History of the Club

This brief history was provided by Shirley Tomblin, who was the Administrative Secretary of the Club for 21, the first female member of the club sponsored by Past President Brian Reinke in 1990, and LIFE Member as of her retirement in 1994.


The Kiwanis Club of Ottawa was formed in 1917 In late 1916 Kiwanis became International when the Kiwanis Club of Hamilton was formed, followed by the Kiwanis Club of Toronto in March, 1917 and the Kiwanis Club of Ottawa on Dec. 22nd, 1917. That's when a group of Ottawa business leaders met at the home of furniture dealer Alex Thurston to organize a local chapter of Kiwanis International.

The first official Friday luncheon meeting was held on Dec. 7th at the Chateau Laurier with 62 members in attendance. The club's initiation fee to International in the amount of $10 was paid to George Atkinson who had come to Ottawa from Detroit as the Kiwanis representative to induct the first Board of Directors and Committee Chairmen. The Charter President was W.G. Keddie, Vice President, Dr. W.C. McCartney, Secretary H.T. Bates and the Treasurer D.D. Blackburn.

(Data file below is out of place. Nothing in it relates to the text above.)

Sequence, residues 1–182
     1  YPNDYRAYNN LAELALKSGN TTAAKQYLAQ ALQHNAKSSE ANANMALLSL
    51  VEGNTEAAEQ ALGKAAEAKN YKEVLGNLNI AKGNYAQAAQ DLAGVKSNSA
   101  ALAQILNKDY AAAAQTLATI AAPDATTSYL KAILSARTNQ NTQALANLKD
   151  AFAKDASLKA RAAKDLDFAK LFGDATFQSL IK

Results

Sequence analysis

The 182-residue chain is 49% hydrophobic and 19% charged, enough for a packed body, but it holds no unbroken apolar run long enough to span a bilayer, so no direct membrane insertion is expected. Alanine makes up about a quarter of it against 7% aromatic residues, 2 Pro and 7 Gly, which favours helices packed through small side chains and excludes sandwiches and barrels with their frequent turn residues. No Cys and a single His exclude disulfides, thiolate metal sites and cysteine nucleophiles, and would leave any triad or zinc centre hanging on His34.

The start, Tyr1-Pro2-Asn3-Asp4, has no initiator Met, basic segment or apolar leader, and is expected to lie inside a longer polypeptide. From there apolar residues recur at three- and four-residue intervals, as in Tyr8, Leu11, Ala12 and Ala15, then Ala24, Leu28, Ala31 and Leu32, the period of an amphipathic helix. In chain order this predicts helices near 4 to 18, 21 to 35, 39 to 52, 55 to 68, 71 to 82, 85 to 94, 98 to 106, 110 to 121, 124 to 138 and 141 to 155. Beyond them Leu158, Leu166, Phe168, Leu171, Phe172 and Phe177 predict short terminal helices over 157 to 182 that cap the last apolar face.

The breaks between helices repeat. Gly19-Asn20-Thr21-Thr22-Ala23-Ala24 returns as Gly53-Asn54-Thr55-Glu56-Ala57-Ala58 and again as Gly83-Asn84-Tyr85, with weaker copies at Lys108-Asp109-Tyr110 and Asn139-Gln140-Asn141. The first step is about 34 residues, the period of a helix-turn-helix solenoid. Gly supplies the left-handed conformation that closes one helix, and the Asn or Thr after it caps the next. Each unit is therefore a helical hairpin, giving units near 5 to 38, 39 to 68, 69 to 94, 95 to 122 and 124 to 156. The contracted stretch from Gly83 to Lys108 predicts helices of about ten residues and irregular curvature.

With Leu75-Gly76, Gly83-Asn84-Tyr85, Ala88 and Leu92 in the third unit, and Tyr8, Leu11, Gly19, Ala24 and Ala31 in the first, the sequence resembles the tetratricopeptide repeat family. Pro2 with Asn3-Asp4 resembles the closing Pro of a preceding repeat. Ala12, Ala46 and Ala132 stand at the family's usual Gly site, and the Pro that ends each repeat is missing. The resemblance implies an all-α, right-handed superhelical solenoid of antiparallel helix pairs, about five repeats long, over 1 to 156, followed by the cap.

In 1918 the club received its Charter from Kiwanis International, the annual club dues were established at $5.00, membership had grown to 150 members and the cost of Chateau Laurier meals was 50¢. That year the club received a request from the Salvation Army for assistance and pledged itself to raise the $40,000 required towards the construction of the Grace Hospital on Wellington Street.The Grace Hospital campaign was planned and carried out so well that the amount requested, $40,000 was oversubscribed! In 1967 our club contributed another $25,000 to help build a new addition to the Grace Hospital.